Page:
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ORIGINAL ARTICLES
Year : 2021  |  Volume : 12  |  Issue : 2  |  Page : 134-139

Admission hyperglycemia and its implications on outcome in patients attending medical intensive care units at Assiut University Hospital


Department of Internal Medicine, Faculty of Medicine, Assiut University, Assiut, Egypt

Correspondence Address:
Prof. Lobna F El Toony
Department of Internal Medicine, Faculty of Medicine, Assuit University, Assuit.
Egypt
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Source of Support: None, Conflict of Interest: None


DOI: 10.4103/jod.jod_28_18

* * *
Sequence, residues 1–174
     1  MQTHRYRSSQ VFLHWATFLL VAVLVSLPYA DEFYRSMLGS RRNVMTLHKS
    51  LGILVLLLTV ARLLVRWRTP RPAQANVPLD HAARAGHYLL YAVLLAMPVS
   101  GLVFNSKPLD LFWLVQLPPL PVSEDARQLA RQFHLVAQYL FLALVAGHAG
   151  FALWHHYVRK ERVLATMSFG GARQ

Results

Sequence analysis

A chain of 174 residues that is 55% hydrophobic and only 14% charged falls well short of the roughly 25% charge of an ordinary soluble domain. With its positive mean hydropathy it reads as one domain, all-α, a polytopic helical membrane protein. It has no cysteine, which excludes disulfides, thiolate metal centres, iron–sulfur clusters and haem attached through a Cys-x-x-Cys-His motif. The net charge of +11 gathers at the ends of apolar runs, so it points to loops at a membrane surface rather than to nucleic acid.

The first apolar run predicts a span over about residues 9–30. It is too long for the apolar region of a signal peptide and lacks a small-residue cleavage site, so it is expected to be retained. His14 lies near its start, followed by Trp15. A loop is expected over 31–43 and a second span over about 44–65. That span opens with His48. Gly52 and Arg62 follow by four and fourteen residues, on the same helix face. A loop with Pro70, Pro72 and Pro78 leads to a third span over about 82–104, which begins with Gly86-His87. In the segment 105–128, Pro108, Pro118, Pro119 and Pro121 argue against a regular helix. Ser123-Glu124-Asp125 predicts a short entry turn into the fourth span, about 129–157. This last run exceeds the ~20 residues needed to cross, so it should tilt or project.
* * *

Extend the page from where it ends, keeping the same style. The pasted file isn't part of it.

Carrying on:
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Background: Admission hyperglycemia is defined as any blood glucose (BG) level greater than 140 mg/dL (>7.8 mmol/L) in critical care unit (CCU) according to American Diabetes Association 2015. Stress hyperglycemia is related to multiple factors and can lead to insulin resistance and high hepatic glucose output. Aim: To determine the frequency, in-hospital mortality, and length of stay in a cohort of patients with admission hyperglycemia in unselected acute medically ill patients admitted to medical intensive care units (ICUs) (medical ICU and CCU) attending Internal Medicine Department, Assiut University Hospital, Assiut, Egypt, and to evaluate whether admission hyperglycemia or other comorbid conditions are responsible for outcome of critical ill patients. Subjects and Methods: This prospective, observational study involved 170 patients admitted at ICU unit of Internal Medicine Department at Assiut University Hospital between July and December 2016. Measurement of BG on admission to ICU was as following: normoglycemic if less than 140 mg/dL and hyperglycemic if more than 140 mg/dL. Then, follow up BG every 8h till either discharge or death or maximum 4 days in addition to fasting, postprandial BG, HbA1C, complete blood count and kidney function tests, serum sodium, serum potassium, arterial blood gases, and acute physiologic assessment and chronic health score were carried out. Results: This study included 170 patients, 35.3% were normoglycemic and 64.7% were hyperglycemic, which were further subdivided into 43% known diabetics, 14.1% stress hyperglycemia, and 7.6% newly discovered diabetics. Percentage of survivors was 72.9% versus non-survivors, which was 27.1%. Median hospital stay for all patients was 6 (4–28) days with in-hospital mortality of 46 (27.1%) patients. It was noticed that frequency of non-survivors was higher in patients with hyperglycemic versus that of survivors. Conclusion: Stress hyperglycemia and diabetes were independent predictors for in-hospital mortality in patients with admission hyperglycemia attending ICU.


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